Huawei’s global head of cybersecurity has insisted the Chinese firm always complies with local laws, but denied it can be compared to companies operating in Nazi Germany.
In a tense appearance in front of the Science and Technology Committee, John Suffolk said Huawei’s approach was to abide by local laws and not pass judgement on whether those laws were right or wrong.
Huawei has come under scrutiny over its alleged ties with Beijing, with critics pointing to a national security law that requires Chinese firms to cooperate with the government.
However, Suffolk denied the law would require Huawei to participate in state surveillance.
The committee also grilled the executive over the use of Huawei technology in the Xinjiang region, where Chinese authorities have detained an estimated 1m people as part of a crackdown on the local Muslim population.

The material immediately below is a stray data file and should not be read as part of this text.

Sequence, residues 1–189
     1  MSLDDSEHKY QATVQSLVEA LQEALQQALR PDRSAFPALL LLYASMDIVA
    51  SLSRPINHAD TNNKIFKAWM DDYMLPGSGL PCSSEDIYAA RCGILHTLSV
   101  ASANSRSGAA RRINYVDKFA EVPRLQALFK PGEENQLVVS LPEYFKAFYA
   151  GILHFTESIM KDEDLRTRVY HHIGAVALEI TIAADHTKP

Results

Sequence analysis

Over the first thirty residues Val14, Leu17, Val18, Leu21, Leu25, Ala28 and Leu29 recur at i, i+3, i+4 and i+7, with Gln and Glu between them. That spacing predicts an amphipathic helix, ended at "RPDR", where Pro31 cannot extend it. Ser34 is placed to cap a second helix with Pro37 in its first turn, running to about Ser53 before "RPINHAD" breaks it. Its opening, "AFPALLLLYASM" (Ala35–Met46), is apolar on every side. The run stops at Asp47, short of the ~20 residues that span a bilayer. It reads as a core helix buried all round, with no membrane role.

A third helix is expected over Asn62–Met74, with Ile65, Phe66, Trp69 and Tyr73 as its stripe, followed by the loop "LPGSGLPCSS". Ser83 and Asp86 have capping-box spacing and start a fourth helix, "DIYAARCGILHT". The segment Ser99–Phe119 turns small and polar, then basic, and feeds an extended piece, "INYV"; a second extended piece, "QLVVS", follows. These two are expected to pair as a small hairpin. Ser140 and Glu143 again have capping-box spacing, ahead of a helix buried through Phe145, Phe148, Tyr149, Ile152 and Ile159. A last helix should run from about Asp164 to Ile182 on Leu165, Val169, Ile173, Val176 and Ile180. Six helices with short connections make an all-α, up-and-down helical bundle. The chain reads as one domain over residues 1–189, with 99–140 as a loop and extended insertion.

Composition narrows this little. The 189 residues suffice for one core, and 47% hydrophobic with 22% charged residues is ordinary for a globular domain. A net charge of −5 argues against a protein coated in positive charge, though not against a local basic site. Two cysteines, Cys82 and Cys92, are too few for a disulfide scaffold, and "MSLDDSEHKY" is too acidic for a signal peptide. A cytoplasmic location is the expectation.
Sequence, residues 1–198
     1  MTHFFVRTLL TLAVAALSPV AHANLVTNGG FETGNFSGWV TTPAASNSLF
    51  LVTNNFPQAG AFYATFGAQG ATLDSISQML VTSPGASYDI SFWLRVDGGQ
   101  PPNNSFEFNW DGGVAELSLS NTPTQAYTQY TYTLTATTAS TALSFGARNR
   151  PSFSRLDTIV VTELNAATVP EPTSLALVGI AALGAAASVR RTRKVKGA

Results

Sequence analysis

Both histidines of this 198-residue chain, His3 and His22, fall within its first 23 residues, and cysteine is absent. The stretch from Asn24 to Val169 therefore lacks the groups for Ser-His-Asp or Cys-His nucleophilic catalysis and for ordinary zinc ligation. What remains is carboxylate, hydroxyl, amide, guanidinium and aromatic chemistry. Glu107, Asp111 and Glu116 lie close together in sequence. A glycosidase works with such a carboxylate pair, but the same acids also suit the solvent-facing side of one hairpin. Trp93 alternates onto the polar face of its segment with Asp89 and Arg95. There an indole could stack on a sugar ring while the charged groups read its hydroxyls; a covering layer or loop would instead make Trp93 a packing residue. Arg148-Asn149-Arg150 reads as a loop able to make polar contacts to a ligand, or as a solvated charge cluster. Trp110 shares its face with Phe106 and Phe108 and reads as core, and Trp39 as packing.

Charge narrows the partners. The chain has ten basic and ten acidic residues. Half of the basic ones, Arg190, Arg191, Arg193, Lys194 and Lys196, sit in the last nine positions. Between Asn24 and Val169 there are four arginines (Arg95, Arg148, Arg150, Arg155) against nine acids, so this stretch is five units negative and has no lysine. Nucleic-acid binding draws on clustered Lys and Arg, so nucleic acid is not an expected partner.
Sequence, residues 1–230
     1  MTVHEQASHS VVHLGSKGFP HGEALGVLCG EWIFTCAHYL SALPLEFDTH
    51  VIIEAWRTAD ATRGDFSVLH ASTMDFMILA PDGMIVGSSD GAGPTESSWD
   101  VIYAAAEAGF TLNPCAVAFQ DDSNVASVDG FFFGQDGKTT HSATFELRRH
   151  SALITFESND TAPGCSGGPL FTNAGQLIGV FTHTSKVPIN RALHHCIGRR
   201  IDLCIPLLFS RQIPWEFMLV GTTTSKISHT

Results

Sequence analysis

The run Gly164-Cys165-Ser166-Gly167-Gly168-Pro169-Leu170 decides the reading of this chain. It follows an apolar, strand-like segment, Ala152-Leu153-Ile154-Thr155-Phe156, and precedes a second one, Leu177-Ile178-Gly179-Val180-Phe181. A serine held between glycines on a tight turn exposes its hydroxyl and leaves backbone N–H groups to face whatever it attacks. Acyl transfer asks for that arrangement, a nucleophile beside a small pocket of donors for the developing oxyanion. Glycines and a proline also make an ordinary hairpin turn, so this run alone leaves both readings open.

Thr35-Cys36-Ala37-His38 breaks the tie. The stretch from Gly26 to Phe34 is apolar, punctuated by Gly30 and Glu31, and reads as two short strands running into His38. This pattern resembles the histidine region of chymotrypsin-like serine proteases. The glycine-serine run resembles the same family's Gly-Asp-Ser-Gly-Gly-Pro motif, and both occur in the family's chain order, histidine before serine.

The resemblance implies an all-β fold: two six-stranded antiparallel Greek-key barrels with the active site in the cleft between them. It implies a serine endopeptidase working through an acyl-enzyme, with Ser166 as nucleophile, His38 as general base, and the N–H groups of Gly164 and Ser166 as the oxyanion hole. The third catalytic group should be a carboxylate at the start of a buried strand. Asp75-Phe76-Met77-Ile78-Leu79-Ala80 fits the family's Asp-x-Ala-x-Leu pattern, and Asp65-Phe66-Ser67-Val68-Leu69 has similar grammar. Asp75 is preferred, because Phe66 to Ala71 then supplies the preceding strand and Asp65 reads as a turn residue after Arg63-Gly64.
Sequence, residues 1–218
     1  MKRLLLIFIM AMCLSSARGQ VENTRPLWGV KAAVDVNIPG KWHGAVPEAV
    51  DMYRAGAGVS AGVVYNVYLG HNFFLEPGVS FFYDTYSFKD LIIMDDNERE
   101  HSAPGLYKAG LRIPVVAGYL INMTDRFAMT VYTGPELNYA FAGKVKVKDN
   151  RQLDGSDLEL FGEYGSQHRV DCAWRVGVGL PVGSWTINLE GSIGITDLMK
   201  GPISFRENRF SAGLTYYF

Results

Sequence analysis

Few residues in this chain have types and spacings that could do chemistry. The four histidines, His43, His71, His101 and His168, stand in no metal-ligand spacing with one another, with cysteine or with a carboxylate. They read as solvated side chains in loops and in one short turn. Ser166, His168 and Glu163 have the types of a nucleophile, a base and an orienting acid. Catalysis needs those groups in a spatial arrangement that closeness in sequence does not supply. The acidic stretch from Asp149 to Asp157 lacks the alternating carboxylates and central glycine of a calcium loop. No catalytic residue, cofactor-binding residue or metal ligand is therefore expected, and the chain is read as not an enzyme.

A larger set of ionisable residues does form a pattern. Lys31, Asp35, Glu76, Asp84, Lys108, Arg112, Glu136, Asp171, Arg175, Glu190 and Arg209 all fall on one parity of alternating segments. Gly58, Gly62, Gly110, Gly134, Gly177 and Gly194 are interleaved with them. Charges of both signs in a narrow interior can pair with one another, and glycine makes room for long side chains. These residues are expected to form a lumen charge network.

But Suffolk, a former British government IT wonk, declined to comment on whether he believed the actions of the Chinese state constituted a repression of human rights.
“We don’t make judgements in terms of whether laws are right or wrong, that’s for others to make those judgements,” he said.
In a remarkable exchange with Labour MP Graham Stringer, Suffolk also denied Huawei could be compared to IG Farben, the German company that manufactured the chemical used in Nazi gas chambers.
“I would paint a different picture,” he said, parrying accusations that he was a “moral vacuum”.
“It’s not that we care or don’t care, that’s not our starting or end position.”
Pressed on whether Huawei has cooperated with governments in the past, Suffolk admitted the company has complied with lawful requests for information.
But he insisted the firm has never been asked to do anything “untoward”.
“We as a vendor have never been asked to do anything that weakens the security of our products for any of our customers in any country,” he said.
The US has led calls for western governments to ban Huawei from their 5G networks amid concerns about spying, and has added the firm to a trade blacklist.
Details leaked from a national security meeting earlier this year revealed the UK is set to allow the Chinese firm to participate in parts of the country’s 5G network, although the government is yet to issue a formal verdict on the matter.